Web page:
Switzerland-based Bank Julius Baer has admitted to conspiring to launder more than $36 million in bribes through the US to FIFA soccer officials.
The 131-year old bank signed a three-year deferred prosecution agreement with the US government in which it acknowledged its involvement in the money laundering conspiracy, which the US Justice Department says fueled an international soccer bribery scheme. The bank has agreed to pay close to $80 million in penalties, which includes a fine of more than $43.3 million and forfeiture of nearly $36.4 million.
According to court documents filed in the Eastern District of New York, Bank Julius Baer, through former relationship manager Jorge Luis Arzuaga, who worked in the bank’s offices in Montevideo and Zurich, conspired with executives at Argentine sports media and marketing company Torneos y Competencias to launder at least $36.4 million in bribes paid to soccer officials in exchange for broadcasting rights to soccer games. Arzuaga has already pleaded guilty for his role in the conspiracy and was sentenced to three years’ probation in November.
Alejandro Burzaco, the controlling executive of Torneos, and his co-conspirators had agreed to pay approximately $30 million to the senior vice president of FIFA, who was also the president of the Asociación del Fútbol Argentina, for his support in awarding the regional broadcasting rights to four World Cups. Torneos also agreed to pay tens of millions of dollars in bribes to several FIFA officials who were also officials of the Confederación Sudamericana de Fútbol for the rights to three Copa América tournaments, and the Copa América Centenario. Burzaco has already pleaded guilty to racketeering conspiracy and other charges for his involvement in the bribe scheme.
Court documents name the officials who were to receive bribes as Eugenio Figueredo, a member of FIFA’s executive committee and former president of the Uruguayan soccer federation; Marco Polo Del Nero, a member of FIFA’s executive committee and a former president of the Brazilian soccer federation; and José Maria Marin, a member of multiple FIFA standing committees, and also a former president of the Brazilian soccer federation.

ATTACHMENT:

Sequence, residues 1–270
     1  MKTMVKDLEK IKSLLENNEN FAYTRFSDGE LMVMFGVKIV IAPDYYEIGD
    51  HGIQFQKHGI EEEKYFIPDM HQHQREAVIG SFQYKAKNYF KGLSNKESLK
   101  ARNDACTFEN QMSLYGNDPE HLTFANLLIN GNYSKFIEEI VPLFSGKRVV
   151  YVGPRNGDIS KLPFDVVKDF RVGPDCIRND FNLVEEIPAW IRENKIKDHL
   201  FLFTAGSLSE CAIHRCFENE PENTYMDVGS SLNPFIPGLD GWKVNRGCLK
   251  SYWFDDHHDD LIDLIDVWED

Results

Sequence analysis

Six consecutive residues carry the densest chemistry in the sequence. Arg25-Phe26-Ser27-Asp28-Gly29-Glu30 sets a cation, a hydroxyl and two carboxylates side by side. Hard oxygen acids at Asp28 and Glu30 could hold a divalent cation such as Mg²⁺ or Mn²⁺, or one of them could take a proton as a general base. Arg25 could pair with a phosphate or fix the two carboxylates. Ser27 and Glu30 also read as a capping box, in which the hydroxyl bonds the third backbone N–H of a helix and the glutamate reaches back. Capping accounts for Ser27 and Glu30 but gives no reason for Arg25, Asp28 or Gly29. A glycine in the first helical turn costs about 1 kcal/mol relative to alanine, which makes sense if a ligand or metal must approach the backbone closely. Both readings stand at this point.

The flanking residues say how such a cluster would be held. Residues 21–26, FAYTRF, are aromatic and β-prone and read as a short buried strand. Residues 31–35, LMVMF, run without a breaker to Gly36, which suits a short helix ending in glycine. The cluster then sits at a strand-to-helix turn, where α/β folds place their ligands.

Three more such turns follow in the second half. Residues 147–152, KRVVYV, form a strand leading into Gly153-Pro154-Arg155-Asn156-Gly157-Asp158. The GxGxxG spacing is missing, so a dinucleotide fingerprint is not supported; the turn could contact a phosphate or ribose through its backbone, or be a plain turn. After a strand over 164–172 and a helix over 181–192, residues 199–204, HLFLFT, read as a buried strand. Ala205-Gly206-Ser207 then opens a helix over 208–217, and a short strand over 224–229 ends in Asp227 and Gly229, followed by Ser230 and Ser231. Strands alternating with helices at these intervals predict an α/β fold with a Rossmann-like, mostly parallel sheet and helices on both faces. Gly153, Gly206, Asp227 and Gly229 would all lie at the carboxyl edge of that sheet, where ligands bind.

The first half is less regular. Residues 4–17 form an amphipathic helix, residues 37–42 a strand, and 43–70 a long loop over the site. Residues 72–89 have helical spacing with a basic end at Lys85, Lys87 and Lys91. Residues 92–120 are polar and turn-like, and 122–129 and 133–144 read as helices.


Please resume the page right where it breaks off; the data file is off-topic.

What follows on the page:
According to the deferred prosecution agreement, the bank’s anti-money laundering controls “failed to detect or prevent money laundering transactions related to the soccer bribery schemes.” It said that if Arzuaga’s supervisors or compliance personnel had properly reviewed his due diligence on Torneos and his responses to transaction alerts, “they would have known there were multiple, significant red flags,” including false contracts, payments to third parties at the direction of a FIFA official, and services purportedly rendered by shell corporations, “all of which would have alerted the bank to the bribery, money laundering, or other illegal activity.”
The Justice Department said the bank did not receive any cooperation credit because it made misleading representations about relevant facts in the case, which it said hindered the investigation, and because it failed to provide all evidence pertaining to the involvement of senior management.
“Bank Julius Baer pursued the profit it could make laundering corrupt funds derived from a criminal scheme run by powerful FIFA officials,” FBI Assistant Director-in-Charge William F. Sweeney, Jr. said in a statement. “Their behavior has earned them the equivalent of a red card, and the money the bank now owes the US government is more than double what it admits to laundering.”